For Oxfam it was a failure to deliver, and for Bob Geldof “a total farce”. But was last week’s G8 outcome for Africa really that bad? For sure, little of the money announced for Africa was new, and the restated resolve by G8 leaders to meet their 2005 commitments comes against a backdrop of painfully slow progress on delivery.
But the NGO reaction – by focusing on money - misses one of the most significant achievements of this G8. That is, to a far greater extent than previous G8 Summits, the world leaders have recognised that – as in every economy – it is growth and private enterprise that offers the best long-term opportunity for making poverty history.
The most striking finding of a World Bank survey of 60,000 poor people was that the vast majority see self-employment, starting a business or getting a job as offering the best prospects for escaping poverty. African’s, themselves, are sick of hearing their continent being talked about in the language of charity, poverty and despair, urging instead for the focus to be shifted towards creating the conditions for enterprise, trade and employment.
The business community made this point clearly in advance of the Summit (in a letter to Chancellor Merkel, at the Africa Business Forum 2007 and in the publication “A Path to a Prosperous Africa”). It is therefore refreshing, though clearly less headline-grabbing, that the G8 framed its discussion on Africa within the topic of “Growth and Responsibility”.
The emphasis, though lacking many detailed commitments, was on the elements needed to stimulate growth, enterprise and investment: good governance, with a clear statement that the Africa Peer Review Mechanism “can serve as an effective tool only if its results are recognized and implemented” (a swipe at South Africa’s recent rejection of APRM’s recommendations?); support for the Extractive Industries Transparency Initiative (EITI) and an extension of its transparency principles to other sectors “where appropriate”; a reaffirmation of support for the Infrastructure Consortium for Africa; support for African countries’ efforts to improve the business climate, including through initiatives such as the Investment Climate Facility; and activities to strengthen financial markets and enhance the effectiveness of remittances. Special mention is also made of agriculture, with the G8 urged to increase support for the Comprehensive Africa Agriculture Development Programme (CAADP). Interestingly, the statement also mentions that the G8 Presidency is “planning a business leaders' campaign, including an investment conference aimed at improving Africa's image as a ‘continent of opportunity’”.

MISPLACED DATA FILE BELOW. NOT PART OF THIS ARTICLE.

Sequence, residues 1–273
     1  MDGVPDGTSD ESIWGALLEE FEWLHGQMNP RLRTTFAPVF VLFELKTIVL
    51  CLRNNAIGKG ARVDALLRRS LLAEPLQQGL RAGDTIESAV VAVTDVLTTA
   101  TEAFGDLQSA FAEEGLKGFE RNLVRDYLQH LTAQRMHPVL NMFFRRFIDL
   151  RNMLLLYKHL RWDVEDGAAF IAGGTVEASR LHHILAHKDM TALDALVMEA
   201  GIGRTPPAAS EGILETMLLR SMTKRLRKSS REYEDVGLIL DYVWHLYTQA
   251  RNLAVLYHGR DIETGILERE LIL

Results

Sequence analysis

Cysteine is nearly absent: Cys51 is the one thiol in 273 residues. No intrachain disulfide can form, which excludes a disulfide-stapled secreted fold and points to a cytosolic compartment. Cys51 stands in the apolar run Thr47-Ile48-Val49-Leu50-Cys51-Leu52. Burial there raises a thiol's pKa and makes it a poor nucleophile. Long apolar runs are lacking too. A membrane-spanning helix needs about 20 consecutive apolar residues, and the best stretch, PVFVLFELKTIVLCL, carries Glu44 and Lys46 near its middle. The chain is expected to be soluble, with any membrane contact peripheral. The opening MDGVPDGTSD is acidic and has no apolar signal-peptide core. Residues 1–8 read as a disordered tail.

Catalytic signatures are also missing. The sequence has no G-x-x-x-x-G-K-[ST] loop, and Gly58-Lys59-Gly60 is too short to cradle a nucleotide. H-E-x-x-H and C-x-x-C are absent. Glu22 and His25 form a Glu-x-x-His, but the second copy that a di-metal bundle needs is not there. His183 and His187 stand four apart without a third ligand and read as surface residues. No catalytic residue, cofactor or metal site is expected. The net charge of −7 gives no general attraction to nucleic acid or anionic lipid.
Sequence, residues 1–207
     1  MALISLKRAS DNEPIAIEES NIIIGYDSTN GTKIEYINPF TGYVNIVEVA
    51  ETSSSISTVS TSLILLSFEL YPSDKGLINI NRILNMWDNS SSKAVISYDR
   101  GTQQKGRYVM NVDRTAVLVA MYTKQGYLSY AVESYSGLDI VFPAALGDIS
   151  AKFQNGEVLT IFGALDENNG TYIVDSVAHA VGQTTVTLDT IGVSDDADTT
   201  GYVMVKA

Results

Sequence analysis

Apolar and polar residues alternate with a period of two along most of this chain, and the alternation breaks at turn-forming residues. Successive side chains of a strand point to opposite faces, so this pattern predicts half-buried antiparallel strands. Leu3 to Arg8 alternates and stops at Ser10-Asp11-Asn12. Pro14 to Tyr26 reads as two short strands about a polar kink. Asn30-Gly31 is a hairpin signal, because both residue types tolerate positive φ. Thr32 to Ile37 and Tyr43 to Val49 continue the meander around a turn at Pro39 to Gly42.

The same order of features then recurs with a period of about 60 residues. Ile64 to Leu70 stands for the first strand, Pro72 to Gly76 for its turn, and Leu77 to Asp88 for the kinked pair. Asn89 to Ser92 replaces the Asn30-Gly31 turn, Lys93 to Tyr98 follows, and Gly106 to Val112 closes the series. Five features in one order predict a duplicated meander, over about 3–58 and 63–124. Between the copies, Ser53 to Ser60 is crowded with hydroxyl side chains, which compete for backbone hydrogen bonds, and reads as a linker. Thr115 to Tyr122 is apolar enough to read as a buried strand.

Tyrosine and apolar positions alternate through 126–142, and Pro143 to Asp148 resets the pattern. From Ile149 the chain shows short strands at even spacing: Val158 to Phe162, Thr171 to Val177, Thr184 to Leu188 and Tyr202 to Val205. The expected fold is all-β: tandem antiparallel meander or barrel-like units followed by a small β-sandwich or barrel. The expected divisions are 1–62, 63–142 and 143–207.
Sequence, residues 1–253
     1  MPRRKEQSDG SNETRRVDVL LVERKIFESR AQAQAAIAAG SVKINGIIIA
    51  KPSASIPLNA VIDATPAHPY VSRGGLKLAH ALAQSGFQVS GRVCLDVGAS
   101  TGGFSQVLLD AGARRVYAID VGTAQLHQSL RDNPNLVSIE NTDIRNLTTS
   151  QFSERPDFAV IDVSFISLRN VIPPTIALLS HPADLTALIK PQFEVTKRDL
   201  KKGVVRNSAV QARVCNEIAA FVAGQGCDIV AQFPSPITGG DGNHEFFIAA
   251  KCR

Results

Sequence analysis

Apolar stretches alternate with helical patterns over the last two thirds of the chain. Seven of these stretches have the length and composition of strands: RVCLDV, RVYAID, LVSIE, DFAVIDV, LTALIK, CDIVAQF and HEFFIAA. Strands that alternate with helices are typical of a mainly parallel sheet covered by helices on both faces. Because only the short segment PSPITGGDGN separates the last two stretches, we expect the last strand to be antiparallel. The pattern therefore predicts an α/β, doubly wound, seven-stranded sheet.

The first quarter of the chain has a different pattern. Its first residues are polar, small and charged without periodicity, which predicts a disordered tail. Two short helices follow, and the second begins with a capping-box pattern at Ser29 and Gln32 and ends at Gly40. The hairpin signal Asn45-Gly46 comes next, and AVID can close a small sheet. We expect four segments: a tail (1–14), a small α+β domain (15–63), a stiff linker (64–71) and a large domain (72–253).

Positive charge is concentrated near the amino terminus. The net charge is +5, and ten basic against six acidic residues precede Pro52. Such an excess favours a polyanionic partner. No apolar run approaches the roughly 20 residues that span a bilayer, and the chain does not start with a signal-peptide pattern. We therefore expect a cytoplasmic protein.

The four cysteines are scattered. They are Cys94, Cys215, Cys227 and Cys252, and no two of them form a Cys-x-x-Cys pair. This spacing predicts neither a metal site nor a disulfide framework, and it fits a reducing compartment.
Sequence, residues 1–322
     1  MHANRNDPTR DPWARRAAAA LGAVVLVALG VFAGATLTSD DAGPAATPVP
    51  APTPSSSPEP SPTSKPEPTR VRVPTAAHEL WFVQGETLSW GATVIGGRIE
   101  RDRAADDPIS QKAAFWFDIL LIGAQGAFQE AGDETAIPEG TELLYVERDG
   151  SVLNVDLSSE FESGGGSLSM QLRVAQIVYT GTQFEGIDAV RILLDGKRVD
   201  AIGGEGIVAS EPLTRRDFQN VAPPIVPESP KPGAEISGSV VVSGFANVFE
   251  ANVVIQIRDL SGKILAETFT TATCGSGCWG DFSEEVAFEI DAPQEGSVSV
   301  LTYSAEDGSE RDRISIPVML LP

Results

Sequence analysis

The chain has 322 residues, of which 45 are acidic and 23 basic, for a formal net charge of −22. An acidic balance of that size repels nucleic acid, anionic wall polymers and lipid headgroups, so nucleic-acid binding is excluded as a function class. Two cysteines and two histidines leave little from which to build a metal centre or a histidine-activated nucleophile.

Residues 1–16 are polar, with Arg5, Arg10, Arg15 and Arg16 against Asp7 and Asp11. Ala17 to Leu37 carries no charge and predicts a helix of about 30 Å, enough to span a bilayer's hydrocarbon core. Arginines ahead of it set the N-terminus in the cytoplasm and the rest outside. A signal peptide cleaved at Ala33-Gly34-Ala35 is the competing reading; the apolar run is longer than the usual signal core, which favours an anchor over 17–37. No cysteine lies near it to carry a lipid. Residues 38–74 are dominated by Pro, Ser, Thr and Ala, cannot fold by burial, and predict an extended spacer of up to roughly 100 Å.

The big outstanding issue is trade, and on this the G8 made some positive noises about their commitment to pushing for a deal by the end of the year, alongside a boost for Africa’s capacity to trade – which was as much as could be expected at this forum. But of course unless this is followed through, no amount of aid will be enough to offset the damage that a collapse in trade talks would cause.
Clearly, accelerating delivery on their Gleneagles aid promises is critical. But recognising that these aid commitments are only part of the story is as important – and it is one clear success that the G8 has recognised this fact.